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Bloom syndrome

Bloom syndrome is an autosomal recessive disorder characterized by proportionate pre- and postnatal growth deficiency; sun-sensitive, telangiectatic, hypo- and hyperpigmented skin; predisposition to malignancy; and chromosomal instability.

Bloom syndrome is characterized by short stature and a facial rash that develops shortly after first exposure to sun. This rash can make a butterfly-shaped patch of reddened skin on the cheeks. The rash can develop on other sun-exposed areas such as the backs of the hands. Other clinical features include a high-pitched voice; distinct facial features, such as a long, narrow face, micrognathism of the mandible, and prominent nose and ears; pigmentation changes of the skin including hypo- and hyper-pigmented areas and cafe-au-lait spots; telangiectasias (dilated blood vessels) which can appear on the skin but also in the eyes; moderate immune deficiency, characterized by deficiency in certain immunoglobulin classes, that apparently leads to recurrent pneumonia and ear infections; hypo-gonadism characterized by a failure to produce sperm, hence infertility in males, and premature cessation of menses (premature menopause), hence sub-fertility in females. However, several women with Bloom syndrome have had children. Complications of the disorder may include chronic lung problems, diabetes, and learning disabilities. In a small number of persons, there is mental retardation. The most striking complication of the disorder is susceptibility to cancer.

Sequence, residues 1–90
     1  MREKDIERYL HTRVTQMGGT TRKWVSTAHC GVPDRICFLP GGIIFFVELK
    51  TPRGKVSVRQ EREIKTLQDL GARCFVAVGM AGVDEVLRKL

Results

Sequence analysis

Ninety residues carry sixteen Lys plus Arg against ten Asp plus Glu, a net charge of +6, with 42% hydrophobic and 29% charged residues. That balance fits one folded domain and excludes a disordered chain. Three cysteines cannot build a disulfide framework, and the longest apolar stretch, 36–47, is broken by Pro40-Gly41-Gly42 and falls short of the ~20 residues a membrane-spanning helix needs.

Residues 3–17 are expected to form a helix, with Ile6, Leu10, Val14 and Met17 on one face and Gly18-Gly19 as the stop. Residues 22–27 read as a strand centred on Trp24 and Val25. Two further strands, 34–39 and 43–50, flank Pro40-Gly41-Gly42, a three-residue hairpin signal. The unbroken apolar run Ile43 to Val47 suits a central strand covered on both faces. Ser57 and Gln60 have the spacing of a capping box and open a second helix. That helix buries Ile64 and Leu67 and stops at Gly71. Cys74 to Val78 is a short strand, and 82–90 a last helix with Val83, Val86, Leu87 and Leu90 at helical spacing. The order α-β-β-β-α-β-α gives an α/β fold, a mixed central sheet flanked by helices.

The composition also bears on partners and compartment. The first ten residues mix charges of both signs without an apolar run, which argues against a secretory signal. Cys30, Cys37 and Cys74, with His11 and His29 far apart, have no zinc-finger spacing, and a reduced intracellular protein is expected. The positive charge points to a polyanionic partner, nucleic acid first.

OTHER NAME(S): Bloom–Torre–Machacek syndrome


TYPE: mental retardation (MR), skeletal abnormalities, risk of malignant disease, skin problem, chromosomal instability, immunodeficiency, sexual immaturity, sensitivity to radiation, telangiectasia

Related patway(s): Fanconi anemia (FA) pathway, homologous recombination (HR)

DNAtraffic protein(s) related to disease: RECQL3 (BLM)

OMIM: 210900

Last modification date: July 2, 2011